Hollywood has long been known for its obsession with youth and beauty, but media experts say a sea change is coming, thanks to the box-office power of over-40 beauties such as Sandra Bullock, Julia Roberts, Jennifer Aniston, Halle Berry and Cameron Diaz.
"Forty is the new 25 in Hollywood," Sharon Waxman, editor-in-chief of TheWrap, told ABC News Oct. 18. "We have these actresses who look incredible for any age. They have to appear on these screens in HD — and 3-D in Bullock's case — and they totally stand the test of the camera."
An over-40 actress much be in incredible shape, look young, and have sex appeal in order to remain on the Hollywood A-list. A great example is Sandra Bullock, who at 49 has barely aged during the past 20 years, thanks to a healthy diet and rigorous workouts.
Similarly, "True Blood" hunk Joe Manganiello noted that Hollywood has begun to embrace a more rugged, masculine aesthetic ideal. "You've still got to be able to act and emote, but you also have to fit the role physically, and that physique is now lean and muscular," said the ripped 6-foot-5 Manganiello.
In August 2013, Melanie Griffith slammed Hollywood ageism, saying film executives are only interested in casting nubile young actresses. Griffith, 56, was extremely popular in the 1980s, but claims she stopped getting film offers during her forties.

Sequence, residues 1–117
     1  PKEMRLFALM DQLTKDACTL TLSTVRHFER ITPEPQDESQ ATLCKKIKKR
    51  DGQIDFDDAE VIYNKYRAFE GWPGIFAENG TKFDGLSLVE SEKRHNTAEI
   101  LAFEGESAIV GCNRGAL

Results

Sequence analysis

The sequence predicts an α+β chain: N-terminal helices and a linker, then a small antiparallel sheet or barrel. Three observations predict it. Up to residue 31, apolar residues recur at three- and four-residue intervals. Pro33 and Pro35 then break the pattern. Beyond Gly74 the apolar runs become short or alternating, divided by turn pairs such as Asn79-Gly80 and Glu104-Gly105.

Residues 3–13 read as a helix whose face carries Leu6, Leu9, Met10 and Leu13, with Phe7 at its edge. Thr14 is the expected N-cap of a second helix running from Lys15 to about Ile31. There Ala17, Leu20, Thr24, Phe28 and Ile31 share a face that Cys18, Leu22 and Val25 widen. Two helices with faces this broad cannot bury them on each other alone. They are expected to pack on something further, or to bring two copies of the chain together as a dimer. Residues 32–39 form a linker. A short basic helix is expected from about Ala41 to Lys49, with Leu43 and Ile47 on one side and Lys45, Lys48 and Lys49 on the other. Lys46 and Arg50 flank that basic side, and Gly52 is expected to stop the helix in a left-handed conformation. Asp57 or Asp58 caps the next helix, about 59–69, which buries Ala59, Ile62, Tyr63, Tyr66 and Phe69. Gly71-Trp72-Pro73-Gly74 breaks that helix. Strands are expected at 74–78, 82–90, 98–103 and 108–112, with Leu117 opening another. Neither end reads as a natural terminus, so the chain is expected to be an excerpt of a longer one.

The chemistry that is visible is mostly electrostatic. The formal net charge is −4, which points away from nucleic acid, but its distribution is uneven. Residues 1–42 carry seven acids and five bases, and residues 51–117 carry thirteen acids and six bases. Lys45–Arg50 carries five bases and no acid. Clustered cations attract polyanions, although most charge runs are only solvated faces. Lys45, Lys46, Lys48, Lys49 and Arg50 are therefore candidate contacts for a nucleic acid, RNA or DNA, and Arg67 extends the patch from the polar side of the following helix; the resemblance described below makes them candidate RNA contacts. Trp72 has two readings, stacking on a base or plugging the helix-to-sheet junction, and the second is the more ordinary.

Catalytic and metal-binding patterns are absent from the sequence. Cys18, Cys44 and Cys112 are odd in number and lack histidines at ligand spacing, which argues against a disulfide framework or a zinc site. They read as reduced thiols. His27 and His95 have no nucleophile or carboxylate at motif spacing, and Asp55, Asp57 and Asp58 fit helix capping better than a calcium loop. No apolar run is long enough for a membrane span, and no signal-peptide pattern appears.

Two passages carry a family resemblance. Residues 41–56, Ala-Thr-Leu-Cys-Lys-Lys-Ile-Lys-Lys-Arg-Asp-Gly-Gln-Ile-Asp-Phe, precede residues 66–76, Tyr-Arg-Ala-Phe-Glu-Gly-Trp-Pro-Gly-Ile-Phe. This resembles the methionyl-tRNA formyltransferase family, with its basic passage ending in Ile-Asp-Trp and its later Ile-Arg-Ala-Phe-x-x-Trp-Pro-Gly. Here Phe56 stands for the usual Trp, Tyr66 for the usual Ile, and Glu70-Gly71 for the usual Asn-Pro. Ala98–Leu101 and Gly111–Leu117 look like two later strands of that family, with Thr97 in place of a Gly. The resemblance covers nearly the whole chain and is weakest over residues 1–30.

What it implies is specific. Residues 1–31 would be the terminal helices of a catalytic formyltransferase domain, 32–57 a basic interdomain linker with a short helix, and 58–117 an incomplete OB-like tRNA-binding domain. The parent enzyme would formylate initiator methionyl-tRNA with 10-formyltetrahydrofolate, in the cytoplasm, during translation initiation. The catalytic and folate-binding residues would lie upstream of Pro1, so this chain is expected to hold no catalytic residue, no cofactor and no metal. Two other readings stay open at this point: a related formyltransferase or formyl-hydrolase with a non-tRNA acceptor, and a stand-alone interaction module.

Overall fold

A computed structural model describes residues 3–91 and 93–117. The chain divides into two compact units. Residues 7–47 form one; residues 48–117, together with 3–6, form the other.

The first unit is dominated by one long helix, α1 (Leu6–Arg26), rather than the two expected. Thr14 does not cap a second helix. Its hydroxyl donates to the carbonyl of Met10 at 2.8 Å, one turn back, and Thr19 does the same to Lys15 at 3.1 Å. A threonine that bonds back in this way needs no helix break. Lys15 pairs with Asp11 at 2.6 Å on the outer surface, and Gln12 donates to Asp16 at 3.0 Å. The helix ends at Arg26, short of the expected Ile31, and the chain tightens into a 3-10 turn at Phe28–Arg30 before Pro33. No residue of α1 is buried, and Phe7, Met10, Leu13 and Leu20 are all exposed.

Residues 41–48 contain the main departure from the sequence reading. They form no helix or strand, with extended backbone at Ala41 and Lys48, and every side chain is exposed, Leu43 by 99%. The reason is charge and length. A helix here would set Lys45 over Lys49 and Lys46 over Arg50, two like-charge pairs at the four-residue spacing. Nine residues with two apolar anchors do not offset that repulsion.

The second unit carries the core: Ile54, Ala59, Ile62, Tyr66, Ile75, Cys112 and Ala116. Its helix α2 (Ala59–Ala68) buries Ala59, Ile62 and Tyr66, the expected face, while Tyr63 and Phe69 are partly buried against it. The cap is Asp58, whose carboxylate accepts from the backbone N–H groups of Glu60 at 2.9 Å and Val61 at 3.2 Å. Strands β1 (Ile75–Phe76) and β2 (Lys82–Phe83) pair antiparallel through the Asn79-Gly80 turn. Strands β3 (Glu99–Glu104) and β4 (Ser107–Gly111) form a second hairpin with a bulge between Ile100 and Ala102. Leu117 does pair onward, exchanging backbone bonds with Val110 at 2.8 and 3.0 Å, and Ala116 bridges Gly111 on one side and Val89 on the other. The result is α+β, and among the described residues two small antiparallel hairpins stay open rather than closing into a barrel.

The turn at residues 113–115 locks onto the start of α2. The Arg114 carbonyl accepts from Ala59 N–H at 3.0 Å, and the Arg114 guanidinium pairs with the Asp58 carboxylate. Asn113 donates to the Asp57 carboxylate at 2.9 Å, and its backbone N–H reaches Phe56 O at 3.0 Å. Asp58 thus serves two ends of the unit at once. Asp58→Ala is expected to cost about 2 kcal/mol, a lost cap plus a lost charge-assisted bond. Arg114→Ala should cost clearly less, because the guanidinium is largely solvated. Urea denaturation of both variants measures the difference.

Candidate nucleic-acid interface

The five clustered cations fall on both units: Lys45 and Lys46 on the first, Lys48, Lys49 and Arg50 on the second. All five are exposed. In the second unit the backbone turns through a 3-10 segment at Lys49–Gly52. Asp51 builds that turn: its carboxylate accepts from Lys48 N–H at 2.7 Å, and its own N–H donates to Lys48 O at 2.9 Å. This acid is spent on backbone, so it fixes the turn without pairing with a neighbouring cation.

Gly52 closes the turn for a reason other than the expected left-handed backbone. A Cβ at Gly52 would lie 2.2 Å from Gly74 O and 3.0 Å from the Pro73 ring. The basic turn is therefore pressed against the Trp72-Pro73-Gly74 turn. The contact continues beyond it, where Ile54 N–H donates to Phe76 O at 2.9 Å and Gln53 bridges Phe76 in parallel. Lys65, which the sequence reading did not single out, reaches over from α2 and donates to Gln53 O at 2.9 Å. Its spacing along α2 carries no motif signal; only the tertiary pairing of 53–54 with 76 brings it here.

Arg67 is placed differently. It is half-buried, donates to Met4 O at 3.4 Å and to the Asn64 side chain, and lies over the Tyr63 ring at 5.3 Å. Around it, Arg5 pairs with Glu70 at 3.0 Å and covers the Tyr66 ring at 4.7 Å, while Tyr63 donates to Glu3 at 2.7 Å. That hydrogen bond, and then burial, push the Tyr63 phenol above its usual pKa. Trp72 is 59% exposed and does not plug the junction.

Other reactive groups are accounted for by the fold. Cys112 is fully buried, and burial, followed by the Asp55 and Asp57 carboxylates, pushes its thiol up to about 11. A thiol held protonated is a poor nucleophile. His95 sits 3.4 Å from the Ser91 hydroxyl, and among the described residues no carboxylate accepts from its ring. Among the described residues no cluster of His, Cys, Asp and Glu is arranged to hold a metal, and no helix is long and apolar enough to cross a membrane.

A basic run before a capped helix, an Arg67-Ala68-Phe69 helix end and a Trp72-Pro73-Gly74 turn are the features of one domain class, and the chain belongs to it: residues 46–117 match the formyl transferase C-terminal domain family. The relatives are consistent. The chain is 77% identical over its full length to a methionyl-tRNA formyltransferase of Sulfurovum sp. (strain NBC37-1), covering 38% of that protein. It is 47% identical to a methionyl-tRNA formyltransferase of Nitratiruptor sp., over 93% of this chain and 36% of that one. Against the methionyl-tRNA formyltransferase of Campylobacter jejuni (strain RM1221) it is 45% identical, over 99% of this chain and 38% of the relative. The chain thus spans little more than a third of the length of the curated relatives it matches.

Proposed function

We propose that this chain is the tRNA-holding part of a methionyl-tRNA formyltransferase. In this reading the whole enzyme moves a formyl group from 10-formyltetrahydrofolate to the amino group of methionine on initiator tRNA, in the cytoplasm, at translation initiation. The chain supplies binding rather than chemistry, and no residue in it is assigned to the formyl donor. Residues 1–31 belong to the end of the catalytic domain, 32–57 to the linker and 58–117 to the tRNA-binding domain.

Griffith had no complaint when her 24-year-old daughter, Dakota Johnson, was cast in the much buzzed-about "Fifty Shades of Grey" last month.
"[Hollywood] is a very superficial place,” said Griffith. “It is all about youth and beauty, for women anyway."
But film insiders insist this isn't entirely true, now that there are so many actresses over the age of 40 who are redefining the standards for what's considered sexy. They also point out that movie fans have gotten older, along with their favorite screen icons, which means Hollywood must cater its films toward an older audience.
"This is a great time for actresses over 40 — maybe even a renaissance — as audiences change and evolve," said media analyst Paul Dergarabedian. "It's good for Hollywood, it's good for the audience, and it's obviously great for these ladies."
Indeed, research from the Motion Picture Association of America indicated that over one-third of all movie tickets purchased in North America were by consumers over the age of 40. As a result, Hollywood can no longer afford to ignore this large segment of the film-going population.
"The 18 to 24 [age demographic] movie fans of 10 and 20 years ago are now in their 30s and 40s," said Dergarabedian. "They are still fans of the movies and they are growing up with the stars that they love. They are growing up together."